During a recent speaking engagement on growing autonomous enterprises, a business owner raised his hand and said, “My workforce is completely disengaged. With how hard it is to hire experienced people, I’ve had to hire a lot of “green” millennials. I’ve never seen a more disengaged bunch of people. How do I grow a business on that?”
To clarify, I asked, “Are you talking about your whole team?” He responded that it wasn’t all of his team members, but most.
As respectfully as possible, I said it was extremely unlikely that a whole group of people were all disengaged because of who they were (the dreaded “millennials” in this case).
In fact, the cause of the disengagement was most likely sitting in the room. There was just no way for me to say it respectfully then and there.
The challenging truth is that it’s rarely “them” and almost always us. I’ll give you another example: During a meeting with the owner of a large engineering firm, he started talking about his employees, his voice raised and clipped.
“I don’t know what their problem is,” he said. “My door is always open and we have meetings every week. So why is it that the first time I hear this project is completely off the rails, I have to overhear it at the elevator? All they’ve given me for months is green lights. Now I hear we’re in trouble?”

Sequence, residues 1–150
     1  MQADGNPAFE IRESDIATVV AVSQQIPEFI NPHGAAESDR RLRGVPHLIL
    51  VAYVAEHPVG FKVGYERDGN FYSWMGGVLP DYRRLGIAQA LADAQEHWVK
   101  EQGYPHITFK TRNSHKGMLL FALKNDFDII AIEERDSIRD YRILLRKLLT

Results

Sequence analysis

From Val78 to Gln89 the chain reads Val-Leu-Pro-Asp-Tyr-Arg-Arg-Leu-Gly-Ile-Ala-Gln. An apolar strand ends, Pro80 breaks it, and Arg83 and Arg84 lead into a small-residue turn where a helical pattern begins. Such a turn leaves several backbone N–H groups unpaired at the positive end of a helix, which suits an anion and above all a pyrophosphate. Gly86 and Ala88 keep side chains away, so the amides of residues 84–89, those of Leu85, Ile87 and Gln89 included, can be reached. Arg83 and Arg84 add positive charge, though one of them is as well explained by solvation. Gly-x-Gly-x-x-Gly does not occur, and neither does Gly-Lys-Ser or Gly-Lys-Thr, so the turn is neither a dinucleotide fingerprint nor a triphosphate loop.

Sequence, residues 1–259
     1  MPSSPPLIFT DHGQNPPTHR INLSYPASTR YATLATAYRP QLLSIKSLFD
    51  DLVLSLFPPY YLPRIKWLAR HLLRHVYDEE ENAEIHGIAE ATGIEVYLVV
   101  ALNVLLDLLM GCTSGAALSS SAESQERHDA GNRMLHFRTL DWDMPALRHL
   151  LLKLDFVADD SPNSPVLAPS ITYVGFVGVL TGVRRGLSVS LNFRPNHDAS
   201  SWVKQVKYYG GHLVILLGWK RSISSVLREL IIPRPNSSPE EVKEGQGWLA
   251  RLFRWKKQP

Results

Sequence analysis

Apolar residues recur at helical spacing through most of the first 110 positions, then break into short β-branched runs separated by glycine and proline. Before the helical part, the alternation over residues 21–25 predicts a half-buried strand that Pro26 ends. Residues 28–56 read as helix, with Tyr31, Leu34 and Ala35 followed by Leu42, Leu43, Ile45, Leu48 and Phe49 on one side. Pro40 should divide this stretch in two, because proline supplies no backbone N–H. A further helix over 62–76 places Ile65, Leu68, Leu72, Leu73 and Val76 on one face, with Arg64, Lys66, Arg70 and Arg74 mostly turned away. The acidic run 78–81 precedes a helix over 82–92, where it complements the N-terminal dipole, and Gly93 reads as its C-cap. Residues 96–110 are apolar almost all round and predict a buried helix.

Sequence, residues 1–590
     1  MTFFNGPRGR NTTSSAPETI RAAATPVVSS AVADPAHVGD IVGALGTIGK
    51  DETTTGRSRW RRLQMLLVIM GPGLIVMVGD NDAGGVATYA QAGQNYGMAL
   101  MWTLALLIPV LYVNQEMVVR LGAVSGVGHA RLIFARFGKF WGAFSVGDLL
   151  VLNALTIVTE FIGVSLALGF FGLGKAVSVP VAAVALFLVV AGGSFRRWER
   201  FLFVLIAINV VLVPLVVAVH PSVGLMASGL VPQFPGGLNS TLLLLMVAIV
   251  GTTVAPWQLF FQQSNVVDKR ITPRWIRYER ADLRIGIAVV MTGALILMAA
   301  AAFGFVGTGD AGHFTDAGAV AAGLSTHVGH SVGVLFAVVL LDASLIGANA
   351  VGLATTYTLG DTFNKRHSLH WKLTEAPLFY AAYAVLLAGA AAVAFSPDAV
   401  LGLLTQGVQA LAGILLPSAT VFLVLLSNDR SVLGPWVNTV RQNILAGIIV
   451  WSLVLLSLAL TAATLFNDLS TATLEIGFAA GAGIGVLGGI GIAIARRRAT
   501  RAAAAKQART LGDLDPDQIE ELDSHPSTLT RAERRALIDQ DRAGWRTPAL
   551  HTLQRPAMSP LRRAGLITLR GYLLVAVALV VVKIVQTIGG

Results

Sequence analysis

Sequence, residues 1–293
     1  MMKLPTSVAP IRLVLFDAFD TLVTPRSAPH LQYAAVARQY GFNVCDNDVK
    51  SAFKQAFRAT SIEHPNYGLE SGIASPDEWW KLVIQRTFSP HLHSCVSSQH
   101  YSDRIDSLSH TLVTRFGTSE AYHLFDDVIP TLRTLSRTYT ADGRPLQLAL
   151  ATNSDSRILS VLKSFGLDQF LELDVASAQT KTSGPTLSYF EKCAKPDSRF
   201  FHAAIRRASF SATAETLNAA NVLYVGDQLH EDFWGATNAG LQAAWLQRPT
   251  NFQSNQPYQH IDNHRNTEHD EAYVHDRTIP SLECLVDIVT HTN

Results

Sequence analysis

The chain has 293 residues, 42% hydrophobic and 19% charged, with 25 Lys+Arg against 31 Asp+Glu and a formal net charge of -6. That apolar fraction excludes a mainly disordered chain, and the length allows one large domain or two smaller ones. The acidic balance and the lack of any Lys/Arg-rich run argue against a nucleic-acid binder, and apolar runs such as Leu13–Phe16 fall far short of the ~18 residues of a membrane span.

He slumped back into his chair, honestly bewildered.
Yes, his office door was always open, and yes there were meetings and Gantt charts and methodologies. Every tool for success was in place. But still there was a problem. Why?
What comes to mind for me is something our parents used to teach us: when you point one finger at someone else, there are three fingers pointing right back at you.
In my experience, most problems track back to business owners. This includes the failure to communicate, to take time to understand and to seek and receive feedback on how we contribute to failures in our environments. Add to that a shortage of empathy, a short fuse, micromanagement, lack of training in change management or even the most basic knowledge of human psychology.
Start with you
When I talk with owners, I often sense a desire for some secret — a hope that growing a business is a mechanical process: just push the right buttons and watch the magic happen.
But there are no secret buttons. It isn’t our customers or our employees. The stuff that defines the energy, direction, pulse, purpose, makeup and character
of a business is the product of a very small number of people. Usually, that number is one — the owner.
An organization is the product of its leadership. If you are the owner, it’s your makeup and your character. Personal qualities that impact the success of your organization include:
> an appetite for, or aversion to, risk
> an ability to communicate rather than just talk
> an ability to be fluid
> a willingness to learn
> a willingness to trust
> an ability to treat failures as opportunities to learn.
Yes, it is theoretically possible your business could be successful even if you have none of these qualities. But in most cases, even if you follow a business recipe to the letter, success or failure is the consequence of who you are.
The Character of Success
There is no single type of person guaranteed to be successful in business. But there are kinds of people who will struggle, and there are certain traits that can contribute to success. Here are four of those traits.
The ability to let go
Your first hire is the first moment of growing up as a business owner. Right there, you cut the herd. This is where you either grow up and learn to let go, or set a pattern of maintaining an infantile death grip driven by a lack of trust.